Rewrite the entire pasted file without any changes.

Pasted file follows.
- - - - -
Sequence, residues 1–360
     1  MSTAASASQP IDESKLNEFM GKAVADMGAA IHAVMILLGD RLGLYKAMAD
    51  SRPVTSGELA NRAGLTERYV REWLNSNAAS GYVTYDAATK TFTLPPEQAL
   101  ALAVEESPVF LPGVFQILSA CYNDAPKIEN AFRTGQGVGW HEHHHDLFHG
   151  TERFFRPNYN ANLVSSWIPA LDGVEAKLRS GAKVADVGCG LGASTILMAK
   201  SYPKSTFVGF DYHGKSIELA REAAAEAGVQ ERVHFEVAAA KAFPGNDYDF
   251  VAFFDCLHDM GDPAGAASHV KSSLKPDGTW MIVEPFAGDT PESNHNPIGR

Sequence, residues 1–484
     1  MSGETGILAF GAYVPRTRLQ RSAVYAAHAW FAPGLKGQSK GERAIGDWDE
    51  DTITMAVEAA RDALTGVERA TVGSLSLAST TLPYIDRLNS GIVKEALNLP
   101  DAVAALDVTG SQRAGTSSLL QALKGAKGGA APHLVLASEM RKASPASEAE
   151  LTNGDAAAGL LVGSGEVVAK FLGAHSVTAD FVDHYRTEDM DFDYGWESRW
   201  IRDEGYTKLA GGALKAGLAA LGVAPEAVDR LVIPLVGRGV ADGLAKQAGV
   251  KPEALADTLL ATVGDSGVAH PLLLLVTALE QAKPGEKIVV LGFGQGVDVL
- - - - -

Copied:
Sequence, residues 1–360
     1  MSTAASASQP IDESKLNEFM GKAVADMGAA IHAVMILLGD RLGLYKAMAD
    51  SRPVTSGELA NRAGLTERYV REWLNSNAAS GYVTYDAATK TFTLPPEQAL
   101  ALAVEESPVF LPGVFQILSA CYNDAPKIEN AFRTGQGVGW HEHHHDLFHG
   151  TERFFRPNYN ANLVSSWIPA LDGVEAKLRS GAKVADVGCG LGASTILMAK
   201  SYPKSTFVGF DYHGKSIELA REAAAEAGVQ ERVHFEVAAA KAFPGNDYDF
   251  VAFFDCLHDM GDPAGAASHV KSSLKPDGTW MIVEPFAGDT PESNHNPIGR

Sequence, residues 1–484
     1  MSGETGILAF GAYVPRTRLQ RSAVYAAHAW FAPGLKGQSK GERAIGDWDE
    51  DTITMAVEAA RDALTGVERA TVGSLSLAST TLPYIDRLNS GIVKEALNLP
   101  DAVAALDVTG SQRAGTSSLL QALKGAKGGA APHLVLASEM RKASPASEAE
   151  LTNGDAAAGL LVGSGEVVAK FLGAHSVTAD FVDHYRTEDM DFDYGWESRW
   201  IRDEGYTKLA GGALKAGLAA LGVAPEAVDR LVIPLVGRGV ADGLAKQAGV
   251  KPEALADTLL ATVGDSGVAH PLLLLVTALE QAKPGEKIVV LGFGQGVDVL